Share in our discoveries across three projects as we work to provide the first intellectual access to our hidden treasures relating to work and labor in early 20th Century New England, the 1939-1940 New York World's Fair and its period, and Boston local TV news.

Saturday, October 15, 2011

Home Movie Day, The First at Queens Museum of Art

International Home Movie Day (the ninth annual) took place on Saturday, October 15.  "Moving Images 1938-1940: Amateur Filmmakers Record the New York World's Fair and Its Period" held Home Movie Day at the Queens Museum of Art, with stupendous support from the Museum, led by Curator Louise Weinberg, Prerana Reddy on PR, Danny and Arnie on the physical details, and the New York City pavilion from "our" fair as the location.  

Walter Forsberg (NYU Research Fellow), Brian Graney and Karin Carlson (Northeast Historic Film), Alice Moscoso (NYU Film Preservation Specialist), and Katie Trainor (Museum of Modern Art Department of Film), all Home Movie Day veterans, organized. Katie is a Center for Home Movies board member and co-founder; Molly Wheeler (Yale Univ. Beinicke Library) is another HMD co-founder.   

This amazing crew of students from the New York University Moving Image Archiving and Preservation Program provided staff support for the entire day. Particular thanks to the film inspectors and the projectionists: Matt Barry, "The Art and Culture of Movies", and Zack Lischer-Katz, Archive Assistant at NYU's Cinema Studies Film Study Center. NYU professors Howard Besser, Dan Streible, and Mona Jimenez attended, too. Thank you, all.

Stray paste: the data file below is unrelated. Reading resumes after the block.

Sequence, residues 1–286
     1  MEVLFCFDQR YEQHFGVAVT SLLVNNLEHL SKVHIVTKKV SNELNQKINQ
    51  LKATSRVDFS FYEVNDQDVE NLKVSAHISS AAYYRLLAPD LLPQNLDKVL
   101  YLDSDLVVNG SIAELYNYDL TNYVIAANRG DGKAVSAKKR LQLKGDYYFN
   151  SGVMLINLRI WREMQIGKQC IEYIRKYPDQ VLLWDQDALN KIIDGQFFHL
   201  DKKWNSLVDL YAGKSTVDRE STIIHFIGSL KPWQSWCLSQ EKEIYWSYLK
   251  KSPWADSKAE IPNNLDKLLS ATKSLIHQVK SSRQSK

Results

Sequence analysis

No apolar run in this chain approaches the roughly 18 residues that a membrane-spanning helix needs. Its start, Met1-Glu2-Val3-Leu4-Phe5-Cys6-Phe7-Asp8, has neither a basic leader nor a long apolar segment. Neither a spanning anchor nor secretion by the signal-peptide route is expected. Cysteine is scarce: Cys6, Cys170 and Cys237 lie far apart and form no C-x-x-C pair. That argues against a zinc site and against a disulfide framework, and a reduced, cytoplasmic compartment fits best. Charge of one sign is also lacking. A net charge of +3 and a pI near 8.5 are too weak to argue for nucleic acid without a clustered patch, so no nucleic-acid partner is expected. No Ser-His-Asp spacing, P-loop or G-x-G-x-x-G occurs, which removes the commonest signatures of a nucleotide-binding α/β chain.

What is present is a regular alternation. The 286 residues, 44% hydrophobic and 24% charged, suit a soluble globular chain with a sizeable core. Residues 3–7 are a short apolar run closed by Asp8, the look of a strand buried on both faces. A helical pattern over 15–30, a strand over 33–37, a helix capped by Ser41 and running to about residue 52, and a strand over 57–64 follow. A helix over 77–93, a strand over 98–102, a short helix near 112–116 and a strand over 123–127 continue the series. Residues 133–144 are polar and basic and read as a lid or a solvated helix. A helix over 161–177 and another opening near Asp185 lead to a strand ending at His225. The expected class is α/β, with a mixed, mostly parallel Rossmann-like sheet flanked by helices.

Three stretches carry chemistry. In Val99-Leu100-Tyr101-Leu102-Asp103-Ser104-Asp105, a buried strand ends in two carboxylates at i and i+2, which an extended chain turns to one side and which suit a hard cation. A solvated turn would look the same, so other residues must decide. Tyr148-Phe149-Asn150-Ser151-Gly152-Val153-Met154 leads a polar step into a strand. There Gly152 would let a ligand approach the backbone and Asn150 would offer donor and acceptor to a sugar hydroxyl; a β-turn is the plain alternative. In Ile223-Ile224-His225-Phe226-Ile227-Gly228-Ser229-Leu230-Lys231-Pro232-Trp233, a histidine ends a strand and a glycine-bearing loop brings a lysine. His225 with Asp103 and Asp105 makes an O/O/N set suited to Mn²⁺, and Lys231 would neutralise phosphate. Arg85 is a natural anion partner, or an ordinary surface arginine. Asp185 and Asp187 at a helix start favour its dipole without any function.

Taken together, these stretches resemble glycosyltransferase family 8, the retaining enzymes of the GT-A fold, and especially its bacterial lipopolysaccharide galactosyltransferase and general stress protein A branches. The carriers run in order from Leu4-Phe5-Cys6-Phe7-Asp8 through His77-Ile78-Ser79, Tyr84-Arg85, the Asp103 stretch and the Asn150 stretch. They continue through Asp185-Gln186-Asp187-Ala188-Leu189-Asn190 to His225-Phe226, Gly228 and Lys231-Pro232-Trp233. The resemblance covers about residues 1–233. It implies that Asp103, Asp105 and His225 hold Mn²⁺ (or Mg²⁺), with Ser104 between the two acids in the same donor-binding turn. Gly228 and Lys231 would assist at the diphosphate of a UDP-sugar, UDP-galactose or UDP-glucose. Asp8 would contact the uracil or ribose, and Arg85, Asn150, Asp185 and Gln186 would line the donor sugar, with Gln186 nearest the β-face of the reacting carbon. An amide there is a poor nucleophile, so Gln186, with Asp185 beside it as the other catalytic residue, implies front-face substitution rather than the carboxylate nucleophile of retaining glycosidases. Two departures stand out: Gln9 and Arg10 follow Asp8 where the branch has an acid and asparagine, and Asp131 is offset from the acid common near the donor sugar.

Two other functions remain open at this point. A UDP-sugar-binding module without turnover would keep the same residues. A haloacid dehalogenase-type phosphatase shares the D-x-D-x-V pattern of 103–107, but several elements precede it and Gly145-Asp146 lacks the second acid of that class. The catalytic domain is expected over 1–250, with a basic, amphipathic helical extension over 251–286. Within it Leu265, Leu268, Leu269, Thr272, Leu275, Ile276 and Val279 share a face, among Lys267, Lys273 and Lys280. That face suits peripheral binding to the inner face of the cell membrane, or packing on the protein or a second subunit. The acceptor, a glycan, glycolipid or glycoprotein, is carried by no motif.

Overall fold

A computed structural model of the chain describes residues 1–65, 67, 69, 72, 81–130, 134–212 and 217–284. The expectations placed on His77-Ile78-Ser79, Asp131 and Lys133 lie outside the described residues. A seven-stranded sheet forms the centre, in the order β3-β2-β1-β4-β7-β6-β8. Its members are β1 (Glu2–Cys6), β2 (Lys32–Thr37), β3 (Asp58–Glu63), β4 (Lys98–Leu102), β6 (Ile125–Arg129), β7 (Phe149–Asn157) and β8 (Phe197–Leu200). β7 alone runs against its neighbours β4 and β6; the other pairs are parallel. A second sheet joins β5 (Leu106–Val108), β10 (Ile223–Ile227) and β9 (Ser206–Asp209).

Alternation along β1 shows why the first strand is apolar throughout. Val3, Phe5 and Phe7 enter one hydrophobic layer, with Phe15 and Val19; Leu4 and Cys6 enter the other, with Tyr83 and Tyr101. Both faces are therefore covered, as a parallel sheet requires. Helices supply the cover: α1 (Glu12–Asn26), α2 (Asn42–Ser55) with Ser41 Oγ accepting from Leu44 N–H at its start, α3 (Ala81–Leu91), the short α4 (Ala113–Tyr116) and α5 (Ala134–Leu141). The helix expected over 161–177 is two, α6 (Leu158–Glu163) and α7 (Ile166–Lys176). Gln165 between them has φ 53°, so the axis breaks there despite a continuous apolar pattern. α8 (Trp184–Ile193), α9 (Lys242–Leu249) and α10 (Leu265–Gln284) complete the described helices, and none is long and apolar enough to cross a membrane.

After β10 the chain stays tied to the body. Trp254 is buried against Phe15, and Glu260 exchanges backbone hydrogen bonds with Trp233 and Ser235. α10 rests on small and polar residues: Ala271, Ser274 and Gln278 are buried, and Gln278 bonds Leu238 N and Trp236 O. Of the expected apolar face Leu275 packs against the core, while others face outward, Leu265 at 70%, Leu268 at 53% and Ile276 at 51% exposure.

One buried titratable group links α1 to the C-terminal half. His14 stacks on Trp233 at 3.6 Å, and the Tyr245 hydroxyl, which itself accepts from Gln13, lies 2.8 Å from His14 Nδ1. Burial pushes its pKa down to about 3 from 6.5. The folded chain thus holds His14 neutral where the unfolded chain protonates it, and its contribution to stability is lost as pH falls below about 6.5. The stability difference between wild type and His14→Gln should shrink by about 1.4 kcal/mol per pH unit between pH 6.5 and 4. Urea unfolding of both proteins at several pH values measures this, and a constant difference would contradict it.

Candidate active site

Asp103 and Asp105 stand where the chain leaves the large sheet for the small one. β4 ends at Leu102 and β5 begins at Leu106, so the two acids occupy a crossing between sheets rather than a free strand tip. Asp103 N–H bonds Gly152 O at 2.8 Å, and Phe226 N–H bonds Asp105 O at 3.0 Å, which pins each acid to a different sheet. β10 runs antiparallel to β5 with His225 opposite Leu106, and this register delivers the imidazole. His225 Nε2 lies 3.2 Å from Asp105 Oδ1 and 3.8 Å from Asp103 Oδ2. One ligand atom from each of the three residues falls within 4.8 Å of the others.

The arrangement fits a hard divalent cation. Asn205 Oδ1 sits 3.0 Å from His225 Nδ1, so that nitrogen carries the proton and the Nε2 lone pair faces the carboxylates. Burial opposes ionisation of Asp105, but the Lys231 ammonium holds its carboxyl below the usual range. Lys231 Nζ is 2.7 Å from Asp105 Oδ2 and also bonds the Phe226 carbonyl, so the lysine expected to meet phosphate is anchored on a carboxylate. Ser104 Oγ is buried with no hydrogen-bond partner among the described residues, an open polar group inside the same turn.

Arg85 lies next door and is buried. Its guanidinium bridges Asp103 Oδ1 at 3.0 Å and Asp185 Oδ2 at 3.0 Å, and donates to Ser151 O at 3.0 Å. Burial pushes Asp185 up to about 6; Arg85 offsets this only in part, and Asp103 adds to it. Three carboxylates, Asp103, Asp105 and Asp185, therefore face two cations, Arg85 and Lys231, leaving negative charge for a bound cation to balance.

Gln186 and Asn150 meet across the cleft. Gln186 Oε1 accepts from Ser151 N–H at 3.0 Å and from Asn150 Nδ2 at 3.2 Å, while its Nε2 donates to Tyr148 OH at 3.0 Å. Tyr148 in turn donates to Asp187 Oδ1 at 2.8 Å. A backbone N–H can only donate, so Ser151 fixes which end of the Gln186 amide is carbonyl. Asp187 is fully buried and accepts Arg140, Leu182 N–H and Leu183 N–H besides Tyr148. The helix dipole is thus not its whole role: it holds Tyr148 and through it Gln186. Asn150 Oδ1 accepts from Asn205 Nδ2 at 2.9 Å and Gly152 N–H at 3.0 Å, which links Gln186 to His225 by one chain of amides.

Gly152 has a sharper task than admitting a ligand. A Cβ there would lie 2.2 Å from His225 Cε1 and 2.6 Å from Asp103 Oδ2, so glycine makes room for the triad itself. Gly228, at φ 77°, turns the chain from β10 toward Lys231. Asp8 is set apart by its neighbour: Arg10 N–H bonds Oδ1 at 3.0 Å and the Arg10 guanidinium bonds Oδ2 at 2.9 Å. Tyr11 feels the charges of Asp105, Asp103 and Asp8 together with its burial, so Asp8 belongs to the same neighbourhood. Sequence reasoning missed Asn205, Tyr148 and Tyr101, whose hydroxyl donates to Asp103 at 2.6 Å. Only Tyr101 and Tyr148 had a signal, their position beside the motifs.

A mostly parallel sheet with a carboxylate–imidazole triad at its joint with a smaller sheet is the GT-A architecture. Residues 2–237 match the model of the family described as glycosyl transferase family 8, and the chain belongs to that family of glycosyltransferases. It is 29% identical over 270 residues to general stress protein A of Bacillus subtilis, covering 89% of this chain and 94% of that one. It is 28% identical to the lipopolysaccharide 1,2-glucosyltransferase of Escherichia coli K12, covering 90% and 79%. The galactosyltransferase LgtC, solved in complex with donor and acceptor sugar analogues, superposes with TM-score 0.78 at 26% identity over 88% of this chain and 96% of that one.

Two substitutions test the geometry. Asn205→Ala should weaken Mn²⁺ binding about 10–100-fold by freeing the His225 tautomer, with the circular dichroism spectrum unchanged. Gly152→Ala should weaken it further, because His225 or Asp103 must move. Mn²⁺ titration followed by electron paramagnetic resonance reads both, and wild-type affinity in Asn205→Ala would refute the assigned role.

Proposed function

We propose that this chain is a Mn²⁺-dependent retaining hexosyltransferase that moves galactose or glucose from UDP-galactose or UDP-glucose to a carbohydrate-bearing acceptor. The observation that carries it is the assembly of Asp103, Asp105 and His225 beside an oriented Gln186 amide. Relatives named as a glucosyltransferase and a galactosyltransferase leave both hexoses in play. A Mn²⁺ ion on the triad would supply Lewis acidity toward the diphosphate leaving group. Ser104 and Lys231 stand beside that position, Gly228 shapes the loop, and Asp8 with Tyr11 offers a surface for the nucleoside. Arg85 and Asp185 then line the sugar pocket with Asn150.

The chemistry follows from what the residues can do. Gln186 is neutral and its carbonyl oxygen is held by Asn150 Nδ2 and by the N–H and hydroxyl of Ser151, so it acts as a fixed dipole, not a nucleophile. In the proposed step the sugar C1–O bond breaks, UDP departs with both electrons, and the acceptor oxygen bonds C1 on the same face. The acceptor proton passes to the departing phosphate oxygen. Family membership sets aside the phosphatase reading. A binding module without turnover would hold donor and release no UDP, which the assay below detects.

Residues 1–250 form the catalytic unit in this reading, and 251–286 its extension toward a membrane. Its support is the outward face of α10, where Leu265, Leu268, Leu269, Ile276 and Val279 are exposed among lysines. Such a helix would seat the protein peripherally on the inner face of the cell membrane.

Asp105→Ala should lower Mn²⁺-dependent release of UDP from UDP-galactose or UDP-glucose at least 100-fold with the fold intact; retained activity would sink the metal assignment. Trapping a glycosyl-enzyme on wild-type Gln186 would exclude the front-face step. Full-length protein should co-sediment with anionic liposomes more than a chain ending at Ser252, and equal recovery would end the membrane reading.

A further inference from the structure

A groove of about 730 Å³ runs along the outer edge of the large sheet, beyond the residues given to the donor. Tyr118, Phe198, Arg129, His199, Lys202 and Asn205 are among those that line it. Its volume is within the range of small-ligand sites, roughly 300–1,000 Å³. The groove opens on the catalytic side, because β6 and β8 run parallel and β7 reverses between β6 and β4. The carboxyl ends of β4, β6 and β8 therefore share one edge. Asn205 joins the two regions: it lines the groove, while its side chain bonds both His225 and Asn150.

Individuals with home movies arrived before noon and kept coming. Many had heard about the event on WNYC radio as Leonard Lopate interviewed Walter Forsberg and Louise Weinberg on Oct. 14. Leonard has great listeners who can find their home movies with less than a day's notice. Listen here.   

We saw Kodachrome family fun, a 16mm 1953 wedding--a surprise to the son who brought it, both the 1939-1940 and the 1964 NY World's Fairs, Miami, Havana, teen birthday dancing (1960s), 8th grade graduation, lakes, Fire Island, and new NY highways (many people shot out their windshields). We enjoyed a special guest appearance by the film of Gus Martens, brought by his grandson, Robert Martens, who introduced. Gus Martens was an Amateur Cinema League Member. Mr. and Mrs. Martens talk to Walter Forsberg, below. 
Do you have home movies? Please consult these FILM PRESERVATION LINKS.


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